PGA Tour

Fantasy Forecast: Winners and losers from WGC-Dell Match Play

Jason Day
Jason Day ( Getty Images )

Monday, March 28, 2016

Australian Jason Day defeated South African Louis Oosthuizen 5 & 4 to win the World Golf Championships-Dell Match Play at Austin Country Club in Austin, Texas. Day's victory was his second in this event and second in a row after winning last week at the Arnold Palmer Invitational at Bay Hill. Spaniard Rafael Cabrera-Bello defeated 2015 champion Rory McIlroy 3 & 2 to claim third place in his first Match Play event.

Key Sunday moments:

Day's first order of business on double-header Sunday was to take care of the 2015 champ and he did so after a very quiet start. He had problems finding fairways and greens but his trusty short game and white-hot putter kept him in the match. So did McIlroy's ice-cold putter that wouldn't let him put any pressure on the Australian. Day took the lead at the turn and never trailed.

The final against Oosthuizen won't be labeled a classic by any means but the boring efficiency of bomb it, find it and make the putt is highly effective when making birdies and saving pars from everywhere. Day only needed 14 holes to thrash the 2010 Open Champion and win his second WGC-Dell Match Play title in three years.

Key moments of the week:

He tried to throw his back out in his opening match against Graeme McDowell but still found a way to win 3 & 2. He went and had treatment, fully warmed up on Thursday and thrashed Thongchai Jaidee 5 & 3. The irony of the week? Paul Casey was the one who WD during the last match of the group play against Day in an essentially meaningless match. Day said that he was coming back to play, he was going to finish the tournament and not WD. His fantasy owners are sure glad he stuck to his word!


Jason Day played 7 matches this week and saw the 18th hole exactly once. And he was hurt.

His length is usually an advantage everywhere but his sharp short game and smooth putter should garner more attention. He's second on Tour in strokes-gained: putting and he makes a ton of birdies.

That's a pretty solid recipe for match play!

Past history at Match Play:

  • Winner in 2014, third in 2013, T-9 in 2011.

Moving forward:

Well, he's 28, in his prime and:

  • Won six of his last 13 starts on Tour.
  • Eight wins are the most on Tour since the 2013-14 season.
  • BUYER BEWARE: No player ranked No. 1 in the world has not won the Masters since Woods in 2002.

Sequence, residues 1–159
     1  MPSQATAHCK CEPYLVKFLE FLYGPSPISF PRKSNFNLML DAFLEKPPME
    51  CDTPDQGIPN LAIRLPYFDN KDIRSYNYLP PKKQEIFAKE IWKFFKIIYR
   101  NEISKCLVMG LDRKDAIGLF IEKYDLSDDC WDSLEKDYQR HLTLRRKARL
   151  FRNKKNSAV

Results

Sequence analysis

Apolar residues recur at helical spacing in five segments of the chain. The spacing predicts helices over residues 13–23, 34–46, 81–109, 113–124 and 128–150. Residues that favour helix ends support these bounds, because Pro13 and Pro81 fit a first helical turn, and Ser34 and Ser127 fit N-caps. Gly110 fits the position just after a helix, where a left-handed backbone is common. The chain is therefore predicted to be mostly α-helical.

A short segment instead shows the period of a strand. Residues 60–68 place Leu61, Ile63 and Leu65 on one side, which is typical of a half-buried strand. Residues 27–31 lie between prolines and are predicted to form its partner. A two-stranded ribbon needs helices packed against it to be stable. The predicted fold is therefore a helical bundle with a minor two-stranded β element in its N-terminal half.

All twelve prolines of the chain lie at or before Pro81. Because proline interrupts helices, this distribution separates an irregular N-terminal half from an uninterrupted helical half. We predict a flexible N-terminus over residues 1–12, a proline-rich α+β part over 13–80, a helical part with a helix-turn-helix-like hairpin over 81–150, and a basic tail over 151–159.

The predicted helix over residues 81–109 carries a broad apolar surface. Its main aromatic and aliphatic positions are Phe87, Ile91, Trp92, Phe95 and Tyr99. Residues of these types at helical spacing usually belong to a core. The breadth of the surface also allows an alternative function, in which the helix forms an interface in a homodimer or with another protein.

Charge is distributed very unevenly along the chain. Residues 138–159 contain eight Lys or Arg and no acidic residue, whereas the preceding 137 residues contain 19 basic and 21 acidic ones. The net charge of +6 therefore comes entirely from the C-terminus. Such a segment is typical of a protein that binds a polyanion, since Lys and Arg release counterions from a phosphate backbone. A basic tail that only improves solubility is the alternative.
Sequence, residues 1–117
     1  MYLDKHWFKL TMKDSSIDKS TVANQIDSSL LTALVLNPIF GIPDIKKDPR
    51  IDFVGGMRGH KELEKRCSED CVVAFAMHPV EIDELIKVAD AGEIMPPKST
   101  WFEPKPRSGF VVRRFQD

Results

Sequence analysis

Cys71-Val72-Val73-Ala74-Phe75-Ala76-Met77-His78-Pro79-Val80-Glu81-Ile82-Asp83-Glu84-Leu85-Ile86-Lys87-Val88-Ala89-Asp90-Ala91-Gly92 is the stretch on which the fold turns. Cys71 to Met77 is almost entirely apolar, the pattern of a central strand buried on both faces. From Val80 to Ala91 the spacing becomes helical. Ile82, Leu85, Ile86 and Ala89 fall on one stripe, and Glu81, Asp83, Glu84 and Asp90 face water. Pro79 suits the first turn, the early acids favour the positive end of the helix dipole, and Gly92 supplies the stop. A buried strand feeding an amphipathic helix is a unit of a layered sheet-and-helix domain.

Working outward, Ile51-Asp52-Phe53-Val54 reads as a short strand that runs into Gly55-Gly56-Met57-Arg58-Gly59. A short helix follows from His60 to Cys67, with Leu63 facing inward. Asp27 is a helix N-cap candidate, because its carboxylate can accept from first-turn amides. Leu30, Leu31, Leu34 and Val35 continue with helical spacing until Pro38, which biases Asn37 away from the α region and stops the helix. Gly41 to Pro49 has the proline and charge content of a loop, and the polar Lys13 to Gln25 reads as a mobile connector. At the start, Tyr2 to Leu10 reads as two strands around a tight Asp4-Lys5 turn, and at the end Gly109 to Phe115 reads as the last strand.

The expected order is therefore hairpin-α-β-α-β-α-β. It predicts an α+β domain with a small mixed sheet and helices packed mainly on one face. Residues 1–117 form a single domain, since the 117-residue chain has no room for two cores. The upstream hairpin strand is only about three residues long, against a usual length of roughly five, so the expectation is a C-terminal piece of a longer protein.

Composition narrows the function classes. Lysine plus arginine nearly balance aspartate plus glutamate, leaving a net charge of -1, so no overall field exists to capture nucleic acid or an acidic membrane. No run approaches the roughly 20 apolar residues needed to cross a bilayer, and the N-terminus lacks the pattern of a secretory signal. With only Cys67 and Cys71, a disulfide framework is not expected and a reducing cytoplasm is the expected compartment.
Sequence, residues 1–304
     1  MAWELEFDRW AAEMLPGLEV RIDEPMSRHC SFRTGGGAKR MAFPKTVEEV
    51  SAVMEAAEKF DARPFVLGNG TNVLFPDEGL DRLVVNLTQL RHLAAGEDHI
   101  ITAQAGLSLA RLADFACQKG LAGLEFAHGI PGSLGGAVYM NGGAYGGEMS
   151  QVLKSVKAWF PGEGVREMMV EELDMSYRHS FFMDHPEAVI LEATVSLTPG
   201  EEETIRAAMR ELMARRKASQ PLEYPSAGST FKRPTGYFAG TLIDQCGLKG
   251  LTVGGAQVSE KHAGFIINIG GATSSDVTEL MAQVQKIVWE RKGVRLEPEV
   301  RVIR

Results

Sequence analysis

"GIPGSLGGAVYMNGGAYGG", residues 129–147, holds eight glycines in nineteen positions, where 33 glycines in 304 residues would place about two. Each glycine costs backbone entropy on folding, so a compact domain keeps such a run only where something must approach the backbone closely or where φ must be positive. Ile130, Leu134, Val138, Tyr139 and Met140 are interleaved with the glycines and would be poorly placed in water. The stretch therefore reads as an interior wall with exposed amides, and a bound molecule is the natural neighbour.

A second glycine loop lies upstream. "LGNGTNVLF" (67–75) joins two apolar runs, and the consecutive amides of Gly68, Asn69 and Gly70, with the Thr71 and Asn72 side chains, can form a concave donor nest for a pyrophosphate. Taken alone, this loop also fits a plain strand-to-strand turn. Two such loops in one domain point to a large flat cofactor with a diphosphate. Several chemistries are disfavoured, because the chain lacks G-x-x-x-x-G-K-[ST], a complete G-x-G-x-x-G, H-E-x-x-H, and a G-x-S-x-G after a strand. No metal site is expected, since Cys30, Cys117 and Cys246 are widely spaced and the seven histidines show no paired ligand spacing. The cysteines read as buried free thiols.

With this win:

  • Collects $1.620 million.
  • Earns 550 FedExCup points.
  • Moves to No. 1 in the OWGR.


Trends and stats

  • Picks up win No. 9 on Tour.
  • Becomes only the third player to win multiple Match Play titles (Woods (3), Ogilvy (2)).
  • Joins the club of multiple WGC champions (now 11 total).
  • Joins Adam Scott as the only multiple winner on Tour this year.
  • Joins Scott in winning back-to-back starts
  • Joins Woods (2013) and David Duval (1999) as entering the Masters off consecutive wins.
  • Woods is the only player to defend his title (2003-04) as McIlroy's putter ran out of gas on Sunday.
  • ACC will be the host through 2019.
  • Small, undulating greens.
  • Windy Texas spring weather affected most matches.
  • Big hitters flourished as they occupied six of the final eight places.
  • Zach Johnson played great until he ran into McIlroy in the Sweet 16.
  • Jordan Spieth's course knowledge couldn't overcome his ball-striking.

Top 16 Finishers

and what we learned from them this week

Louis Oosthuizen (2nd): Scorching form continues heading into Augusta where he's been in the mix in the last few years. Superb ball-striking and confidence in the new pencil-grip putter grip is translating. His win in Perth is now backed with T-14 at WGC-Cadillac Championship, T-7 at Valspar and second this week. Loves this event as he was a quarterfinalist for the third consecutive year on three different tracks.

Rafael Cabrera-Bello (3rd): Off the radar to lazy gamers, the Spaniard has been en fuego in 2016 with four top 14s in five starts. A pair of runner-up finishes in the desert forced him into this week and a big finish would get him into the Masters. Beating McIlroy 3 & 2 in the third place match after knocking out Hideki Matsuyama and Kevin Kisner in group play checked that box in a big way.